Stamp duty on IP abolished in Ireland


The implementation of the Irish Finance Act 2004 has, among other things, abolished stamp duty on the sale, transfer or other disposition of intellectual property in Ireland. Section 74(1) of the new act, which adds a new Section 101 to the Stamp Duties Consolidation Act 1999, abolishes stamp duty for the following intellectual property:

  • trademarks (whether registered or unregistered), patents, registered designs, design rights, inventions or domain names;

  • copyrights or related rights within the meaning of the Copyright and Related Rights Act 2000;

  • supplementary protection certificates provided for under Council Regulation 1768/92 (medicinal products) or Council Regulation 1610/96 (plant protection products);

  • plant breeders' rights within the meaning of the Irish legislation on plant varieties;

  • applications for the grant or registration of any of the above;

  • licences or other rights in respect of any of the above;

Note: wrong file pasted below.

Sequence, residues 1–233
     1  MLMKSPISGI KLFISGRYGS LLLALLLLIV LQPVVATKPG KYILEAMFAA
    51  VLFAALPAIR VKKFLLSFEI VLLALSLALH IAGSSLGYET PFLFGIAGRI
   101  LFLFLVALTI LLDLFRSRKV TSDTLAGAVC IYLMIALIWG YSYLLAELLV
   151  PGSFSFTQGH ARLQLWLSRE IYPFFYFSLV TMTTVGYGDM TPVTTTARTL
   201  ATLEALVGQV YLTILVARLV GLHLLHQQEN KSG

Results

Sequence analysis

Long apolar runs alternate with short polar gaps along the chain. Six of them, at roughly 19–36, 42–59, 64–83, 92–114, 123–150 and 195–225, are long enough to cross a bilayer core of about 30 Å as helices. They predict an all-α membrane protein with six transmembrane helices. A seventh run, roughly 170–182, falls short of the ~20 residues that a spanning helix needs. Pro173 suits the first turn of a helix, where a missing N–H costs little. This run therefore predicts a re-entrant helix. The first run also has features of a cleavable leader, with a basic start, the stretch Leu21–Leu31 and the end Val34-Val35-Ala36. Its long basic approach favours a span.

• rights granted under the law of any country, territory, state or area other than Ireland, or under any international treaty, convention or agreement to which Ireland is a party, that correspond to or are similar to any of the above; and

  • goodwill to the extent that it is directly attributable to any of the above.

If the property being transferred is made up both of intellectual property and other types of property, the consideration must be apportioned between the two types of property on a just and reasonable basis, and stamp duty may be charged on the consideration applicable to the non-intellectual property. It should also be noted that the new law will only apply to transfers that have taken place after April 1 2004.

The change will simplify the procedures required for recording assignments of trademarks in Ireland because the Irish Patents Office will be able to register assignments without requiring evidence of stamping or exemption. In addition, agreements for the transfer of non-Irish intellectual property will no longer be liable for stamp duty where the transfer documents are executed in Ireland. It is hoped that the new law will make Ireland a more attractive place to locate IP holding companies.

Niamh Hall, FR Kelly & Co, Dublin

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